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“Buying less – is it enough?” Sustainable fashion and environmental risks

Fashion is changing, various shopping occasions are coming up, and we are constantly buying new clothes. Is this statement still valid? The latest information about the huge environmental impact of the fashion industry can surprise many consumers, and is a motivation for more sustainable development of the sector. Is the production of clothes actually destroying the environment?

What is “slow fashion”?

In recent years, the global fashion industry has witnessed a paradigm shift towards more sustainable development, and the Polish market is no exception. Consumers become more aware of the environmental impact of their choices and society, there is a growing demand for sustainable fashion. It is a part of the evolving design philosophy and sustainability trends, and its aim is to create a system that could be endlessly supported in terms of environmentalism and social responsibility. Fashion that actively reduces or eliminates its negative impact on the lives of people, animals and the planet. The idea of sustainability touches many aspects and is implemented on many levels. So what is its development in Poland and what steps are being taken by Polish consumers to create a greener and more ethical fashion landscape?

The rise in popularity of fast fashion, or the problem of the modern clothing industry

Fast fashion, a significant feature of the modern garment industry, refers to the rapid production and consumption of inexpensive garments, often characterisedcharacterized by rapidly changing trends and very low production costs. Although it revolutionisedrevolutionized access to fashionable clothes, its consequences are profound and multi-faceted. The rapid pace of production of clothes leads to a large rotation of styles, contributing to excessive waste and pollution. Relying on cheap labour and labour-intensive practices often leads to lower working conditions in factories and environmental degradation, including water pollution and excessive greenhouse gas emissions. Moreover, the discard culture promoted by fast fashion encourages excessive consumption and reduces the value of garments, undermining sustainability and industry ethics efforts.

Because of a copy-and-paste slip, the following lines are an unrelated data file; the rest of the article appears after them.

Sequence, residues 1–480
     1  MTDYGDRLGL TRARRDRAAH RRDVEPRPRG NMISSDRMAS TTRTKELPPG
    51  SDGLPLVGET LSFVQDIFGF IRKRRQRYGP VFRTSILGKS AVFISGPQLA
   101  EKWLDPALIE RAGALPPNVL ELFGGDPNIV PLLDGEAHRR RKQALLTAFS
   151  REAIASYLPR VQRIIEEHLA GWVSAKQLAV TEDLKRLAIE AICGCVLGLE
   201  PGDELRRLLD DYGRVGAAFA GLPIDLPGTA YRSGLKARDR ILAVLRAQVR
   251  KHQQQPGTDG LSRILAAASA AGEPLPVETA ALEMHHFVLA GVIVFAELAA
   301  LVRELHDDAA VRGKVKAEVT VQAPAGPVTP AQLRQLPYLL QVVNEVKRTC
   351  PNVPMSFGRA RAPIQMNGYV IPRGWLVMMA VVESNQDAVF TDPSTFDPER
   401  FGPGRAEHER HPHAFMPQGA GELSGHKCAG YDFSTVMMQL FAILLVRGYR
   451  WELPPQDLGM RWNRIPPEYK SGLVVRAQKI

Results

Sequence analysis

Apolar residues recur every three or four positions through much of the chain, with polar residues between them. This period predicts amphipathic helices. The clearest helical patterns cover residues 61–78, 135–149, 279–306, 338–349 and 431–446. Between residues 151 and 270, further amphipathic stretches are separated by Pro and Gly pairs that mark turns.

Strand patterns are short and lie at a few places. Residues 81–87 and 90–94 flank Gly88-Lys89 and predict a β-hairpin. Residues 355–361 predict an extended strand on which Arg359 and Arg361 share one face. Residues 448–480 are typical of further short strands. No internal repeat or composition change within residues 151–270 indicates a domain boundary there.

The problem of environmental pollution

Dr. Edyta Łaskawiec, a water and wastewater technologist, points out, “Currently, more than 2,500 chemicals are used in the production of fabrics and clothing, including dyes, acids, alkalis, flame retardants, radioprotectants or antifungal and antibacterial substances. The United Nations lists the fashion industry as the second most polluting of all industries – accounting for 8% of global anthropogenic dioxide emissions and producing as much as 20% of all industrial wastewater. Approximately 5 trillion liters of water are used worldwide annually for fabric dyeing alone.”

Sources: Ellen Macarthur Foundation. (2017). A New Textiles Economy. & EEA Europa. (2016). “Luft und schiffsverkehr im Fokus”., [5]

Another problem associated with the textile industry is microplastics, as it is plastic fibers that contribute significantly to water pollution. Synthetic microfibers made of non-biodegradable polymers include not only polyester, but also nylon, artificial silk, polyethylene terephthalate (PET), polypropylene (PP), acrylic, and spandex. Studies show that fish that consumed microfiber in their bodies had elevated concentrations of endocrine disruptors, as well as liver damage.

Dr inż. Edyta Łaskawiec

Clothing consumerism in Poland

Consumerism in the field of clothing is a noteworthy phenomenon in Poland, as evidenced by convincing statistics. Over the last decade, the consumption of clothing in Poland has increased significantly, and according to the latest data, Polish consumers buy an average of 15 kilograms of clothing per capita per year. This influx of clothing purchases points to a single-useculture where the fascination with fast fashion has led to for the permanent marketing of clothing articles. Unfortunately, this trend also contributes to the environmental impact of the fashion industry, and a significant proportion of this garment ends up in landfills. As awareness of the environmental impact of this consumption pattern grows, there is a growing interest in sustainable alternatives such as second-hand shopping, local and ethically produced fashion and clothing rental. These statistics serve as a call to action, encouraging change towards more conscious and conscientious habits when it comes to clothing consumption in Poland.

Growing awareness and demand